Cover art by Toshiyuki Fukuda for the Japanese edition of the new novel by Kazuo Ishiguro.
• “The story here is how between 1978 and 1982, this impulse shed its novelty genesis and its spoils were divvied up between gay producers making high-energy soundtracks for carnal abandon, and quiet Hawkwind fans smoking spliffs in Midlands bedrooms.…this excellent compilation offers fresh understandings of a period in sonic history where the future was up for grabs.” Fergal Kinney reviews Do You Have the Force? Jon Savage’s Alternate History of Electronic Music, 1978–82.
• DJ Food continues his history of mini CDs with Oranges And Lemons, the 1989 album by XTC which was released in the usual formats together with a limited edition of three small discs in a flip-top box. The cover art by Dave Dragon is a good example of the resurrected groovy look.
• “If Austin Osman Spare, William Burroughs, Mary Butts and Kathy Acker got together for a séance, the transcript could well look like this.”
• How Leonora Carrington used Tarot to reach self-enlightenment: Gabriel Weisz Carrington on his mother’s quest for mythic revelations.
• Mixes of the week: Sounds Unsaid at Dublab with Tarotplane, and To Die & Live In San Veneficio by SeraphicManta.
• At Dennis Cooper’s: 5strings presents…Solve et Coagula: An introduction to Israel Regardie.
• The Joy of Silhouettes: Vyki Hendy chooses favourite shadow-throwing cover designs.
• Emily Mortimer on how Lolita escaped obscenity laws and cancel culture.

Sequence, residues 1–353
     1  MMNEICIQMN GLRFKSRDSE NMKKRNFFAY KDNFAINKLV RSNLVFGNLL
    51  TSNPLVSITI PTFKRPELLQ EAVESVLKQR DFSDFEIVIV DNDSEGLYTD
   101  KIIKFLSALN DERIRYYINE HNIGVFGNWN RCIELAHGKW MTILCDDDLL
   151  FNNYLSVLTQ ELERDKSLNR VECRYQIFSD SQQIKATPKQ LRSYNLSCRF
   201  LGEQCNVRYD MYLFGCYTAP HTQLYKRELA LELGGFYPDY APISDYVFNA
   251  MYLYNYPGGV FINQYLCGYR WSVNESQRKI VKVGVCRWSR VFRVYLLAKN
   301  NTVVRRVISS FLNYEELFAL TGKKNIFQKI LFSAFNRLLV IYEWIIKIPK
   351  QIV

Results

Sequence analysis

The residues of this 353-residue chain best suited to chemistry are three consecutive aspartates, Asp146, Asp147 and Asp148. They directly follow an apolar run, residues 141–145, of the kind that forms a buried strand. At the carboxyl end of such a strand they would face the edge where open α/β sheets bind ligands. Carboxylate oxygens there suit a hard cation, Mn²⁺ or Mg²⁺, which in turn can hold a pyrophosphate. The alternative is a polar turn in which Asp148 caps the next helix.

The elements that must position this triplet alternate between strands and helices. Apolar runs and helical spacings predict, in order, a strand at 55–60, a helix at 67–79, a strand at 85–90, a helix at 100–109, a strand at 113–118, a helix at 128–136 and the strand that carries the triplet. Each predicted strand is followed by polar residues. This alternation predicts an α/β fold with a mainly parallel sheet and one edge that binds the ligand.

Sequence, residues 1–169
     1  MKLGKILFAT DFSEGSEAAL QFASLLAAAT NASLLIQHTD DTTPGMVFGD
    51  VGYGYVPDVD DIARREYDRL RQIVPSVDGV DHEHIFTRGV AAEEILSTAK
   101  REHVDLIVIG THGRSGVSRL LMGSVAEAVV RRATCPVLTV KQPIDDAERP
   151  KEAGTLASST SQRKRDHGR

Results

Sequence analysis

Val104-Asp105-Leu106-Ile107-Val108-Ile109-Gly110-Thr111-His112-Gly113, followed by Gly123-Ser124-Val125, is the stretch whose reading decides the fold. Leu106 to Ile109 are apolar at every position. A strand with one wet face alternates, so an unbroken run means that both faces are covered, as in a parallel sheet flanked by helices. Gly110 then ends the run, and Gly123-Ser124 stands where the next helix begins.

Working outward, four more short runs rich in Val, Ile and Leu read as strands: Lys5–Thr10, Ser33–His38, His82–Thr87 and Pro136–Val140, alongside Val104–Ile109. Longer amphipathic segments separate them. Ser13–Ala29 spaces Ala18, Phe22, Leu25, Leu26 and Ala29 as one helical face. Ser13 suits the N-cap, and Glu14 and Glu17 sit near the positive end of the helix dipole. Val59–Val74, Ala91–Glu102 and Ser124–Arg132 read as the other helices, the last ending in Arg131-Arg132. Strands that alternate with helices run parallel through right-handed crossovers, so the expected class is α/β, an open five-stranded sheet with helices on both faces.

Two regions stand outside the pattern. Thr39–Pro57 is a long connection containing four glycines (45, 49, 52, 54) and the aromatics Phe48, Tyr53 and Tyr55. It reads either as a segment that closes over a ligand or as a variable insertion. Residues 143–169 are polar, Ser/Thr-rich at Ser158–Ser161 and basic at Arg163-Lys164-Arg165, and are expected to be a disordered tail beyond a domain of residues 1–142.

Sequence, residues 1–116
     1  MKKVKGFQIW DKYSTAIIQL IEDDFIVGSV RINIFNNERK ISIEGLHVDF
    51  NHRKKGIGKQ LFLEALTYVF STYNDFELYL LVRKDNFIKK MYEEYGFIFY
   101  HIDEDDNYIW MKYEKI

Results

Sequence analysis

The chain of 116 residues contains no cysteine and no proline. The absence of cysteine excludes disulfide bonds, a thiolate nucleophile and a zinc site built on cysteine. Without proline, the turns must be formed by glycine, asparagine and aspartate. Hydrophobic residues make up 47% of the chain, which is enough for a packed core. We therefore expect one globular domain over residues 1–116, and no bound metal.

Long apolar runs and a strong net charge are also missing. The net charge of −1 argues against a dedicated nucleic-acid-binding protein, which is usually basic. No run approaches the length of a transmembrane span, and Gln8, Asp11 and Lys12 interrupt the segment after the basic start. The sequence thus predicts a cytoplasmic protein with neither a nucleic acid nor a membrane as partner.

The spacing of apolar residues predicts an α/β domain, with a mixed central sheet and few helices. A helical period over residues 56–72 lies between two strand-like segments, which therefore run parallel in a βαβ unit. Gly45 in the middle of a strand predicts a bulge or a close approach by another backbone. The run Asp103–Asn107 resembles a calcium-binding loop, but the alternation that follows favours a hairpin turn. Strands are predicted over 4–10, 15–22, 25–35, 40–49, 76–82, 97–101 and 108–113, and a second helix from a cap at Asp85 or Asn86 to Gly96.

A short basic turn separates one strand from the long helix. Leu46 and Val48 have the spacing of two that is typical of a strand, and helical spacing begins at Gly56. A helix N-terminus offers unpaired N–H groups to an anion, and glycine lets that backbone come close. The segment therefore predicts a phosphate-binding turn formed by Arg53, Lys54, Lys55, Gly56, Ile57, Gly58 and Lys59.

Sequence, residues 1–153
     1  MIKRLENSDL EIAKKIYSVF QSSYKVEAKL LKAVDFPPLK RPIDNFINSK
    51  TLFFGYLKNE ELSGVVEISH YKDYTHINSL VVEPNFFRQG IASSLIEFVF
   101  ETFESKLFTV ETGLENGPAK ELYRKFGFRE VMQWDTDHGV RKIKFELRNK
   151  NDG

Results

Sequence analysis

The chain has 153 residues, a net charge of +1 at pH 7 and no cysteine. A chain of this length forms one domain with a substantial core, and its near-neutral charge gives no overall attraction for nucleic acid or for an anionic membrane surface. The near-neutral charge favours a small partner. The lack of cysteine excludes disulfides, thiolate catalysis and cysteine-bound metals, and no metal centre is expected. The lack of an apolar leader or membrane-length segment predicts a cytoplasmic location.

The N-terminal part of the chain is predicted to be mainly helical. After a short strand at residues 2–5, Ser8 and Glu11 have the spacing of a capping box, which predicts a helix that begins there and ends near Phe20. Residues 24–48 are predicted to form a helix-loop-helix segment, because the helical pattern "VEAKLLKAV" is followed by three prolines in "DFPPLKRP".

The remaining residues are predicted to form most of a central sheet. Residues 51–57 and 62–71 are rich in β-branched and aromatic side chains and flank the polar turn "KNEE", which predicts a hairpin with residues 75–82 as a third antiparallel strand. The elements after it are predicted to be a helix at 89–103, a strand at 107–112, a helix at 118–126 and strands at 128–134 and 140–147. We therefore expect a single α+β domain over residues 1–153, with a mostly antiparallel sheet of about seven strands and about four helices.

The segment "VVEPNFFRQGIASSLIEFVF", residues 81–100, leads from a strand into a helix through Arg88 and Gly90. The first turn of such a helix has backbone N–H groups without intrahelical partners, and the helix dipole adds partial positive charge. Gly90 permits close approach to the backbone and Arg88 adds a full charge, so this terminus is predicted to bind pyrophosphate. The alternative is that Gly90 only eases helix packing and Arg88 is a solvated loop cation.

• Freddie deBoer has moved his writing to Substack.
• New music: Wirkung by Arovane.
• Children Of The Sun (1969) by The Misunderstood | Children Of The Sun (1971) by Hawkwind | Children Of The Sun (2010) by The Time And Space Machine
25 O’Clock (1985). Andy Partridge’s great cover design.
The DUKES say it’s time…it’s time to visit the planet smile…it’s time the love bomb was dropped…it’s time to eat music…it’s time to kiss the sun…it’s time to drown yourself in SOUNDGASM and it’s time to dance through the mirror. The DUKES declare it’s 25 O’CLOCK.
It was twenty-five years today…April 1st, 1985…that Virgin Records released what was supposed to be a reissue of a lost psychedelic album from the late 1960s, 25 O’Clock by The Dukes of Stratosphear. The catalogue number was WOW 1 and the vinyl label was printed with the old black-and-white Virgin logo by Roger Dean even though Virgin Records wasn’t founded until 1972. No one was supposed to know that the album was really a pastiche project by XTC but I don’t recall anyone actually being fooled by this, all the reviews acknowledged XTC as the originators, and band members Andy Partridge and Colin Moulding were happy to give interviews enthusing about their musical obsessions. As well as being incredibly successful artistically the album was a surprising commercial success which led the bemused record label to ask for a sequel. Psonic Psunspot followed two years later and the Dukes’ vibe infected XTC’s own work for a while, with their 1988 album, Oranges & Lemons, pitched somewhere between the pastiches and the group’s more customary sound .
Psonic Psunspot (1987). Design by Dave Dragon and Ken Ansell.
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